Opening their 25th Anniversary Season, the Artistic Core of Jobsite brings this brilliant Tom Stoppard Comedy to life through October 8th, 2023.

By: Sep. 18, 2023

“The only beginning is birth... and the only ending is death...”

“Life is a gamble at terrible odds...”

Rosencrantz and Guildenstern are Dead, an absurdist, existential tragic-comedy written by British Playwright Tom Stoppard opened Friday evening amidst a room full of eager audience members and hearty laughter. Bringing a cast so deserving of the praise to the top of their game, showcasing their hard work on a not-so-easy show.

The play itself focuses its centralized storyline around the misadventures of two minor- characters from Shakespeare’s tragic masterpiece Hamlet. What is known to be a sequence of events that happen in-between the original scenes or “in the wings,” “backstage,” of Shakespeare’s famed tragedy. Throughout the events of Stoppard’s telling, our duo receives visits from major characters in Hamlet, as they re-enact major scenes of the show. Between the visits/episodes, both Rosencrantz and Guildenstern make comments about the sequence of events happening around them as if they are not a part of them, while none know the wiser.

The title of Stoppard’s play is pulled directly from the final scene in Hamlet in which the titular character is exiled to England when Claudius assumes the throne. En route to England, Prince Hamlet discovers a letter from Claudius that is being delivered by none other than Hamlet’s now untrusted friends Rosencrantz and Guildenstern.  Hamlet discovers in the letter that Claudius has commanded Hamlet be put to death upon his arrival in England. Hamlet then takes it upon himself to rewrite the letter and in-turn note that Rosencrantz and Guildenstern be put to death, and then he flees back to Denmark.

For all those familiar with Hamlet, at the end of the play, Hamlet, Laertes, Ophelia, Polonius, King Claudius, and Queen Gertrude are all dead. Wherein Act V Scene II, an Ambassador arrives from England and reports,

The sight is dismal, And our affairs from England come too late. The ears are senseless that should give us hearing, To tell him his commandment is fulfilled, That Rosencrantz and Guildenstern are dead...”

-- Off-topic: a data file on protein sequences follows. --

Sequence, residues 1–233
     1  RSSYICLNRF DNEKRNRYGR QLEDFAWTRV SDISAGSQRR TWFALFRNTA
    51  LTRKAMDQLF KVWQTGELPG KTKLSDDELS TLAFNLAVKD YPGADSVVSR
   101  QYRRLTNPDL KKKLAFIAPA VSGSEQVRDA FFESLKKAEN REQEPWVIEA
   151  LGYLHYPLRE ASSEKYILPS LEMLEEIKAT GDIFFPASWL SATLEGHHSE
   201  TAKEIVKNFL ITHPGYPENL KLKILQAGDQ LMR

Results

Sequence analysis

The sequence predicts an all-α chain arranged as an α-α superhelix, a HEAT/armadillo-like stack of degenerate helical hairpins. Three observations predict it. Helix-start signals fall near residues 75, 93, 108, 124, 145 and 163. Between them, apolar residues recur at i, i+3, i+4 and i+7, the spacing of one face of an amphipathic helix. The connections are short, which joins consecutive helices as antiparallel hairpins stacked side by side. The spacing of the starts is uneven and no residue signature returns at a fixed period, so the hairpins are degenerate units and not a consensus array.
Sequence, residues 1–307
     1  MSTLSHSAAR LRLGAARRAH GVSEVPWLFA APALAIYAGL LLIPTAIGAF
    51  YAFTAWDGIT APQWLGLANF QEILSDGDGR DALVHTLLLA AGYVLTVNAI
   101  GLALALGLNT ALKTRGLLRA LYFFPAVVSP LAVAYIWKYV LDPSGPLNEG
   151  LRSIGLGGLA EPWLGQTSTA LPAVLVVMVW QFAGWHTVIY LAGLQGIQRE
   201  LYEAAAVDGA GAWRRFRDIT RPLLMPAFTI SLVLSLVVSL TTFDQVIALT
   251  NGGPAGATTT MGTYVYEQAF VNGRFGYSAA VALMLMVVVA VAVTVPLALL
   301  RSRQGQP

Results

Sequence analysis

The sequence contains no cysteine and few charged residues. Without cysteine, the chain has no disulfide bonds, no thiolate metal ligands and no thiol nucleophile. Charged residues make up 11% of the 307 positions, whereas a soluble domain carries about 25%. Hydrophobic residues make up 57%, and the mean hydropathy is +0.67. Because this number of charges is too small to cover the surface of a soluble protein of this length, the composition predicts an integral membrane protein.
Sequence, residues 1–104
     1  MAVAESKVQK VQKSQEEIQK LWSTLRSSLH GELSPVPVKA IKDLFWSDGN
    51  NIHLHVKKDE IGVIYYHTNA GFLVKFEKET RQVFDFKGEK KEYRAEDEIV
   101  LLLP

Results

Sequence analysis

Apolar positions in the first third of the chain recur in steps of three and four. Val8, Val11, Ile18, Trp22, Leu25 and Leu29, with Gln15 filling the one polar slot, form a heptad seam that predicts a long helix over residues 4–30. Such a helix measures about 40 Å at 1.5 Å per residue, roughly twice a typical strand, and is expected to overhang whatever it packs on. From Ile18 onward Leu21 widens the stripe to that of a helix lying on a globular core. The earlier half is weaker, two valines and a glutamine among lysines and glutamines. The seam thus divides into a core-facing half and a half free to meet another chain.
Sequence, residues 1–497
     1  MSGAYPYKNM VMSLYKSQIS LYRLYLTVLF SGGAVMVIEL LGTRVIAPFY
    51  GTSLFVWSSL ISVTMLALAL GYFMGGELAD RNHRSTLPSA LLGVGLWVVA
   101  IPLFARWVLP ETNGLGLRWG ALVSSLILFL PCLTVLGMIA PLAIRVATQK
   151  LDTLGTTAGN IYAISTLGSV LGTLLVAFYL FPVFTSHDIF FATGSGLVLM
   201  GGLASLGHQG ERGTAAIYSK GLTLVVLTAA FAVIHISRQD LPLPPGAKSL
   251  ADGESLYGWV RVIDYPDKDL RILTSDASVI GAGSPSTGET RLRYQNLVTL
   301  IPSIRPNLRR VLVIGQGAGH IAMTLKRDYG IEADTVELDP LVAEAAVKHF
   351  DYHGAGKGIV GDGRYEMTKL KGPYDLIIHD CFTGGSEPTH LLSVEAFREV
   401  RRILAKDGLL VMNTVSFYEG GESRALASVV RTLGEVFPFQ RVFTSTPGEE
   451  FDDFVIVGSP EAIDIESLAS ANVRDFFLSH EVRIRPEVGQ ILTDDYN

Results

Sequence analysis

The Artistic Core of Jobsite Theater is made up of some of the finest performers in the Bay area, and nothing rings more true than the cast of last seasons stunning production of Hamlet, most of whom can be seen onstage in the current production of Rosencrantz and Guildenstern are Dead.

Lead forth by Artistic Director David M. Jenkins the cast featuring Giles Davies (Hamlet/ Tragedian), Roxanne Fay (Gertrude/Alfred), Katrina Stevenson (Ophelia/Horatio/ Tragedian), Hugh Timoney (Polonius/Tragedian), Ned Averill-Snell (Claudius/ Tragedian), and lead by the dynamic duo of Katherine Yacko and Nicole Jeannine Smith as Rosencrantz and Guildenstern respectively.

Outside of its original core cast, Rosencrantz and Guildenstern are Dead introduces a Leading Player to its cast of Players, portrayed with the upmost finesse by Jack Holloway.Last seen in the Jobsite arena way back in 2014 as part of Zach Braff’s All New People.

From right out of the gate the audience is introduced to the undeniable chemistry between Nicole Jeannine Smith and Katherine Yacko. As Rosencrantz (Katherine Yacko) and Guildenstern (Nicole Jeannine Smith) respectively, achieve the mischievous nature of our duo with the upmost candor. Having last witnessed their chemistry onstage during last seasons stunning turn in Hamlet, this duo takes the reigns of an unforgettable pair (normally seen played by men,) and shatter all glass ceilings in their wake. A truly exceptional performance from start to finish by both Smith and Yacko that will live rent free in my mind for time to come. For no better a pair than these two fantastic performers in roles that will be talked about for some time. If you see one performances in the next month, it should definitely be the one portrayed by our Rosencrantz and Guildenstern.